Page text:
A Civil War diary in a New York museum has been decoded, and its contains passages that question the lineage of Varina Howell Davis, first lady of the Confederacy. James Malbone, a Confederate Army lieutenant, kept the diary during the Civil War. He wrote parts of the diary in a home-made code to keep some of the information private. That private information included details about military movements and about Malbone’s sex life.
Volunteers in Newnan and Moreland are busy getting ready for the July 4 holiday on Tuesday. The July 4 parade in Newnan will start at Veterans Memorial Plaza at the city park at Temple Avenue and Jackson Street. The parade starts at 9 a.m. and will end at Greenville Street Park. Local artists will be hosting a Chalk-by-Color art activity on the sidewalks of South Court Square. Newnan Rocks will also be present and hosting a public art activity for the community.
The validity of a complaint by Marion “Sarge” Cieslik against Grantville Councilman Mark King will be determined Monday – finally. Cieslik filed the complaint on May 8, but there has not been a hearing on it because the city has not had a sufficient number of people on its ethics panel. City Clerk Lynn Basham sent a notice via email on Friday that the ethics panel will meet Monday at 5 p.m. to determine the validity of Cieslik’s complaint.
Muck Rack makes it simple to find people, tweets, or articles that mention any name, keyword, company, hashtag etc. We've compiled this guide to help you make the most of your search.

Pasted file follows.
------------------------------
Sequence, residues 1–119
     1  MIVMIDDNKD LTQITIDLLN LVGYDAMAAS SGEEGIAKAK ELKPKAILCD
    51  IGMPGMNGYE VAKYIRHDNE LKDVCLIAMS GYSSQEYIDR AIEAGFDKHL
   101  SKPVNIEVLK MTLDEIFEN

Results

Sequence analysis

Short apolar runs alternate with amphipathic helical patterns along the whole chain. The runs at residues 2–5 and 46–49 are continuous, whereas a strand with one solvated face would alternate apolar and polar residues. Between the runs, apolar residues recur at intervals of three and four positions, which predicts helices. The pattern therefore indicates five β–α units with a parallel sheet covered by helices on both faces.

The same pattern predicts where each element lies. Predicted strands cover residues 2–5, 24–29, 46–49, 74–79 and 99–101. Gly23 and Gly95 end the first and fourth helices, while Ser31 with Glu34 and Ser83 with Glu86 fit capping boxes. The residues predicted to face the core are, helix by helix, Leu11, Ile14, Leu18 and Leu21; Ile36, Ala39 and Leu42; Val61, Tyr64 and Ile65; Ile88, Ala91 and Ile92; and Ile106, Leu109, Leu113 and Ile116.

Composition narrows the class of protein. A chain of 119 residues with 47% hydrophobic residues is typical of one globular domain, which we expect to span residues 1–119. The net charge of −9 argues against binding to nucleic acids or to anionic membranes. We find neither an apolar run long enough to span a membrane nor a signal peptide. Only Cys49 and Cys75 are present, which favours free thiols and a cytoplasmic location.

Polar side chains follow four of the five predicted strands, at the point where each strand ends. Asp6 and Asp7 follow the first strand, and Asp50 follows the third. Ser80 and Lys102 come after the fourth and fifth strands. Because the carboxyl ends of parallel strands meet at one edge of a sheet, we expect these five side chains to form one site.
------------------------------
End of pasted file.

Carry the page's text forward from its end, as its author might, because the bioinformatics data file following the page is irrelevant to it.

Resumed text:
Selecting a term
Start searching tweets, articles from media outlets, articles mentioned in tweets, journalists'
names, titles and bios with some suggested searches:
Companies or Topics (e.g. iPhone, Microsoft)
Phrases (e.g. "cloud computing") — use quotes to keep the terms together
Twitter handles (e.g. @username) — returns those who have mentioned or replied to
Names (e.g. "David Pogue")
Hashtags (e.g. #sxsw, #london2012)
Bio details (e.g. vegan, Olympics, father)
Muck Rack's Advanced Search allows for many boolean operators.
Find results that mention multiple specified terms, use AND or
+. For example, ensure each result contains both Elon Musk and Mark Zuckerberg by
searching Musk AND Zuckerberg or Musk + Zuckerberg.
Use the operators OR or , to broaden your search when you'd like either of
multiple terms to appear in results. (This is the default behavior of our search when no operators
are used). For example, results will contain either cake or cookie by searching cake OR cookie or cake,cookie
Use NOT or - to subtract results from your search. For
example, searching Disney will yield results about the Walt Disney Company as well as Walt Disney
World Resort. To exclude mentions of Disney World, search for Disney -World or Disney
When using one of these operators with a phrase, enclose it in quotation marks. For example, you can
find results about smartphones excluding Apple's iPhone 4S by searching smartphone -"iPhone
Exact case matching or punctuation
If you're searching for a brand name or keyword that relies on specific punctuation marks or capitalization, you can
find results that match your exact query by adding matchcase: before the keyword you're searching for, like matchcase:E*TRADE .
Use parentheses to separate multiple
boolean phrases. For example, to find journalists talking about having fun in Disney World or
Disneyland, search for ("disney world" OR disneyland) AND fun.
An asterisk can be used to search for any variation of a root word truncated by the asterisk. For example, searching for admin* will return results for administrator, administration, administer, administered, etc.
A near operator is an AND operator where you can control the distance between the words. You can vary the distance the near operation uses by adding a forward slash and number (between 0-99) such as strawberries NEAR/10 "whipped cream", which means the strawberries must exist within 10 words of "whipped cream".